January 7, 2015
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(ANTIMEDIA) Leelah Alcorn was a transgender teen in Ohio whose apparent suicide sparked an international outcry. Indications are that she threw herself in front of a semi truck because her family didn’t accept her sexual identity. She was 17. The term “transgender” refers to a person born of one gender who identifies as another. Leelah was born as Joshua Alcorn to Christian parents.
Leelah’s parents tried to “fix” the problem and bring back their Joshua. They turned to the one place their family could always turn to in times of crisis: the church. They learned about conversion therapy and were told this was just a phase.
The reaction from LGBT activists to the death was swift, brutal, and direct. They condemned the parents, demanded “Leelah” be on the headstone instead of “Joshua,” and planned protests at the funeral. Some even went as far as threatening to destroy the headstone if “Leelah” was not on it. Prominent activists called for charges to be filed against the parents.
While the outrage generated by the death is certainly warranted, the tactics used by activists missed the target. Do Leelah’s parents share some of the blame? Probably. Should “Leelah” be on the headstone? Definitely. It was the name she signed to her suicide note. That was her name. Are these the most important things the country should be discussing at the moment? Not even close.
In her suicide note, Leelah said:
“My death needs to mean something. My death needs to be counted in the number of transgender people who commit suicide this year…Fix society.”
“Fix society.” Society is a much larger target than a grieving family in Ohio, and society as a whole is not reacting well to most of what has been happening in Leelah’s name. So far activists have latched on to the death in what seems to be an almost concerted effort to build themselves up while using her death as political capital.
“My death needs to mean something.” So far, it means that large sections of the LGBT movement have decided to condemn her parents, while not really educating people on the real problem: conversion therapy.
The average American doesn’t care. The thought that they can be made to care by protesting a funeral or destroying a headstone is insane. Extremists within the LGBT have lowered the stature of the trans movement to the same level as the Westboro Baptist Church and the NYPD. Most of them did so in an attempt to be more extreme than the other activists within the cause in order to gain notoriety. Protesting at funerals is generally considered by the public to be pretty tasteless. Imagine the reverse. Imagine Christian fundamentalists demanding that an accepting family of a trans person use the deceased’s given name on the headstone. Everything else they sought would be completely ignored. That works both ways.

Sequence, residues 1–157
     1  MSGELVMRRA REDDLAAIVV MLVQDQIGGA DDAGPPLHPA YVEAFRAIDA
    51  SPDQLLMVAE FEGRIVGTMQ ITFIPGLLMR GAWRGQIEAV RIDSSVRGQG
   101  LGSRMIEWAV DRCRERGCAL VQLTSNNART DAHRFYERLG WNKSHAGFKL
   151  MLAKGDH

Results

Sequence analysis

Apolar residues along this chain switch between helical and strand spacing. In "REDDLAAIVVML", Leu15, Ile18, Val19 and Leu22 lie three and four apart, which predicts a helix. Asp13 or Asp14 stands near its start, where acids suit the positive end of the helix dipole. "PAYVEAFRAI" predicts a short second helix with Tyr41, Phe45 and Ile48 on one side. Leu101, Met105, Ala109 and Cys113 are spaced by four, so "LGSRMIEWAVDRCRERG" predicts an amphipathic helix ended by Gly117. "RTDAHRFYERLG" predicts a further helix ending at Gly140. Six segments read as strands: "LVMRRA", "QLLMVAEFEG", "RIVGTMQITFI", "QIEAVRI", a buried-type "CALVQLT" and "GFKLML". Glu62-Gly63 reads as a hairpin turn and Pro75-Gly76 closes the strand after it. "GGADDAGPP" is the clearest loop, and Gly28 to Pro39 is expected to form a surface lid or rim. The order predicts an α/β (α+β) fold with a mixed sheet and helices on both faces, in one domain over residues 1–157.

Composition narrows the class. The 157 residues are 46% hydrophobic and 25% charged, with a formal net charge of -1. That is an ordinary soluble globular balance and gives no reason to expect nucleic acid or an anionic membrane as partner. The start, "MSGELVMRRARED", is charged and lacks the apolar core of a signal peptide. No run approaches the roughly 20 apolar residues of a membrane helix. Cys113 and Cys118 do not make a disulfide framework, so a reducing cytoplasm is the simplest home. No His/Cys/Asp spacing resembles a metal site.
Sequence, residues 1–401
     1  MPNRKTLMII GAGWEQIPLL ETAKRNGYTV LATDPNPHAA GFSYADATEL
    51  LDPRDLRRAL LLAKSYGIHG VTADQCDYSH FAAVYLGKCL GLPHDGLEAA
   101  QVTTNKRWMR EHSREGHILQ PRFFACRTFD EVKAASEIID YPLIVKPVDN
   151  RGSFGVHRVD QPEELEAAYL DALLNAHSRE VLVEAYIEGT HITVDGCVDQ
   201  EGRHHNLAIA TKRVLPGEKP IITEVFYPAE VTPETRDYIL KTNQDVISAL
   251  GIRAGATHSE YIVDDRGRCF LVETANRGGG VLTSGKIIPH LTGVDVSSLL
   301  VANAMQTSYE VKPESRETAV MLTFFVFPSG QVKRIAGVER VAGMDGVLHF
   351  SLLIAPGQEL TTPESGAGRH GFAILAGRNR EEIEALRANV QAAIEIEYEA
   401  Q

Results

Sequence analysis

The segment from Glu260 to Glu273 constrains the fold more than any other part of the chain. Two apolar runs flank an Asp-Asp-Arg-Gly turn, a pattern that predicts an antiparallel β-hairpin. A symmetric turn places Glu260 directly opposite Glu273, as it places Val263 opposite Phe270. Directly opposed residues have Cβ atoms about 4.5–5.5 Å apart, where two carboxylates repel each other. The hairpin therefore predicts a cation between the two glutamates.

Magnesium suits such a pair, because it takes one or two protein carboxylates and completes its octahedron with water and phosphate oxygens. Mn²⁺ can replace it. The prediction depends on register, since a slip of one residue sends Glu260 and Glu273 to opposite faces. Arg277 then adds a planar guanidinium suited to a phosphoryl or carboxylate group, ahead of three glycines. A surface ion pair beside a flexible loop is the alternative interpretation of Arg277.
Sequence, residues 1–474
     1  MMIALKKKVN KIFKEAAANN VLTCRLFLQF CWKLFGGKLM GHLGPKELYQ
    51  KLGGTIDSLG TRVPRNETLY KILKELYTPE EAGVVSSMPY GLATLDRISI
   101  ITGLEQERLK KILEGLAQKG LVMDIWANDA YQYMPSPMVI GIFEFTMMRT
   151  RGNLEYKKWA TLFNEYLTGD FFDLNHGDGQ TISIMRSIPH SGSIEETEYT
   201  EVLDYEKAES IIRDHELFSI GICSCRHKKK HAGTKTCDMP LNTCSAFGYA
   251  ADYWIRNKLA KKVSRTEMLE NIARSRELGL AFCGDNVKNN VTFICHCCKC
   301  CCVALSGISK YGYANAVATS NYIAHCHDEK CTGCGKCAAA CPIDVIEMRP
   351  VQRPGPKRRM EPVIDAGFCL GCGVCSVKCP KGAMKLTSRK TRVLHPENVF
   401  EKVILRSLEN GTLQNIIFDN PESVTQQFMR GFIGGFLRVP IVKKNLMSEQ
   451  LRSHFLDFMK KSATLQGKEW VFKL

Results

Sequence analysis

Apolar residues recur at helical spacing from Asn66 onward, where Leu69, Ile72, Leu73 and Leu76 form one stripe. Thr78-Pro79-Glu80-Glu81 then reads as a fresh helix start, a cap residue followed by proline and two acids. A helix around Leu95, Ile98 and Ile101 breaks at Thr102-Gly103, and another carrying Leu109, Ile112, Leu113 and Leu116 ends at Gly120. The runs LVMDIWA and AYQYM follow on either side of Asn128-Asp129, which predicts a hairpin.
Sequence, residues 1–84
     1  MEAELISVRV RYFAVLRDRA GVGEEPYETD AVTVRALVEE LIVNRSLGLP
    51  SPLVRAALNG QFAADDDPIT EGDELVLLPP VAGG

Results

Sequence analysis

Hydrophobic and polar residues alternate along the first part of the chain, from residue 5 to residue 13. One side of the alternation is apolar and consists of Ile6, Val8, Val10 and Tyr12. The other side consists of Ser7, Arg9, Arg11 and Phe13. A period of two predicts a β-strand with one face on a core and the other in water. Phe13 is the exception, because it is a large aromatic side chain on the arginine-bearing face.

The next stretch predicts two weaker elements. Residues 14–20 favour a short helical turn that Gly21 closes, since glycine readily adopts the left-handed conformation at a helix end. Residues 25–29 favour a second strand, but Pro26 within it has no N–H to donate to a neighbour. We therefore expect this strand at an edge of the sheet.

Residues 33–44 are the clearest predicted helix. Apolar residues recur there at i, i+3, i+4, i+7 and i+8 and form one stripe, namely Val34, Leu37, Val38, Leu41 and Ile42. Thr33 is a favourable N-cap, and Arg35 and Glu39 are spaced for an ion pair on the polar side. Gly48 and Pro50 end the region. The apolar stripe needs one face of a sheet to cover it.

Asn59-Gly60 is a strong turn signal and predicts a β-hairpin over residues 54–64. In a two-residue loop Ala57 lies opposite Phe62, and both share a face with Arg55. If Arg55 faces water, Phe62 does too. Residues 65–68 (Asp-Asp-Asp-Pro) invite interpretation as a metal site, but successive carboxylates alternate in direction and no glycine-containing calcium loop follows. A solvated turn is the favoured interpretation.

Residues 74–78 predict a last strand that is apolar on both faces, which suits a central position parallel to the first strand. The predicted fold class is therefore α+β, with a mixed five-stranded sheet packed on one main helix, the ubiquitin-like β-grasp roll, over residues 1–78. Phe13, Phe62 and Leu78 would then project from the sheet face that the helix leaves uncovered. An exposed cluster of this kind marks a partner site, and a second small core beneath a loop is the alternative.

There have been some noble efforts. One petition circulated calls for a ban on conversion therapy. That would be a legacy Leelah would probably be proud of. The hashtag #RealLiveTransAdult trended on Twitter revealing stories of success from trans people in hopes of providing young transgendered people with hope. It was too late for Leelah, but it very well may have stopped another suicide.
Despite all of the grandstanding there is some real work being done. The Transgender Human Rights Institute has successfully circulated a petition that has received more than a quarter of a million signatures. The petition seeks to ban “conversion therapy.”
Given Leelah’s last words, do you think she would rather you complain about her tombstone and harass her parents or do you think she would rather you “fix society?”
The real evil here is this so-called conversion therapy. It’s a “therapy” in which the patient is shamed into suppressing their feelings. The idea behind this pseudoscience is to quite literally convert a person back to the way God wanted them, which the therapist knows is straight because he presumably goes golfing with God on the weekends or something. The therapy is deemed “successful” once the patient has been shamed and psychologically tortured long enough to break their will to state they are gay. In many cases, the therapy “converts” a transgendered person into someone who denies who they are and is suicidal.
Perhaps the Southern Poverty Law Center explains it best:
“Conversion therapy – sometimes known as reparative or “sexual reorientation” therapy – is a dangerous practice based on the premise that people can change their sexual orientation, literally ‘converting’ from gay to straight. Conversion therapy has been discredited or highly criticized by virtually all major American medical, psychiatric, psychological and professional counseling organizations.
People who have undergone conversion therapy have reported increased anxiety, depression, and in some cases, suicidal ideation.”
Leelah was forced to attend conversion therapy.
If you want to honor Leelah, don’t simply bash her parents. Fix society. End conversion therapy and reach out to parents that may not understand that the second they reject their child’s orientation, they have made that child eight times more likely to try to kill themselves.
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